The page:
Fresh dill weed is a key addition to many dishes. Besides its obvious use in pickling, it's the star ingredient in dill dip and a supporting player in other sour-cream dips. It's often also used as a seasoning for salmon and other seafood, in potato salad, in ranch dressing, to spice up fried chicken nuggets, and as a taste enhancer for cottage cheese, among many other tasty uses. Because of its strong flavor, you'll use only a little bit at a time. Even so, it's expensive to buy, but it's cheap and easy to grow. Plant enough in your herb garden to get you through the entire year. Then freeze your harvest so you never have to spring for either fresh or dried dill at the grocery store.
Freezing fresh dill is simple and takes about five minutes or less. All you need besides the dill is water, a cookie sheet, and a freezer bag or another freezer-safe container. When you're ready to use the frozen dill, pull out as much as you need and use it just as you would fresh dill. It thaws so quickly that there's no need to do anything special to thaw it; just throw it into whatever dish you're making.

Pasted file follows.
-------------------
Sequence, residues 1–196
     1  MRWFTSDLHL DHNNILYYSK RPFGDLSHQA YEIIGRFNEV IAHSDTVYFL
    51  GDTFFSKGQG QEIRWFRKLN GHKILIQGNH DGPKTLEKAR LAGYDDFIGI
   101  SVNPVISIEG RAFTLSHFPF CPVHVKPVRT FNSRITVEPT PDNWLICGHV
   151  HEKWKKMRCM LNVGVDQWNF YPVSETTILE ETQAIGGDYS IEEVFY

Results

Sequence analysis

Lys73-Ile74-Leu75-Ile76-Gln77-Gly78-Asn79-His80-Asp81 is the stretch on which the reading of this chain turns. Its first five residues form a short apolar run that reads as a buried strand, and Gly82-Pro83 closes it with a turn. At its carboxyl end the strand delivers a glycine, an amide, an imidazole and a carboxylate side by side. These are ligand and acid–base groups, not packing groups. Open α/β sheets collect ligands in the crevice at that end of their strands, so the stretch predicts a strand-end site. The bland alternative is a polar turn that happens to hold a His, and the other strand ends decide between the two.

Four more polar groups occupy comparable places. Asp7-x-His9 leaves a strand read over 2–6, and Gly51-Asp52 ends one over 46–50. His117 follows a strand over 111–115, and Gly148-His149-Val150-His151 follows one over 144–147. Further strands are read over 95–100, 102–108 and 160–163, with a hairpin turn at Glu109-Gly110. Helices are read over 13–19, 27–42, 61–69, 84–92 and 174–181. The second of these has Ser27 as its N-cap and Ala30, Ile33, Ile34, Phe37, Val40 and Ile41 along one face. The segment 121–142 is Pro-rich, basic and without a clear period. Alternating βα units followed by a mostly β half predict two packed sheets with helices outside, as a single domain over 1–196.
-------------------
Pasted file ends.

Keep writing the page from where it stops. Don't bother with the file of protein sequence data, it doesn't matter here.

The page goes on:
Freezing dill is an easy kitchen activity:
- First, wash the dill in cold water and shake or pat dry.
- Then lay the sprigs out on a cookie sheet and pop them into the freezer to flash freeze them.
- When the dill sprigs are all frozen, transfer them to a freezer bag and return it to the freezer.
- For the freshest dill, harvest sprigs early in the morning and freeze them right away.
- Fresh herbs often get marked down at the grocery store. If you're not into gardening or don't have the space or proper garden conditions for herb gardening, snatch up reduced-price packages of dill and freeze them.
- Dried dill is also handy to have on hand. Just hang small bunches upside down in a warm, dry room, and leave them there until they feel dry to the touch. It may take a week or two for them to dry completely. Once you're satisfied that the bunches are dry, place a plate or cookie sheet on the table in front of you. Then, working above the plate, run your hands along the sprigs to strip the dill. Gather all the dried dill that fell onto the plate or cookie sheet. Transfer it to an air-tight container and store it with the rest of your dried herbs and spices.
- Dill is an annual, but it re-seeds readily. If you're growing your own, allow it to go to seed at the end of the season. It'll drop seeds into the soil so you don't have to buy more next year.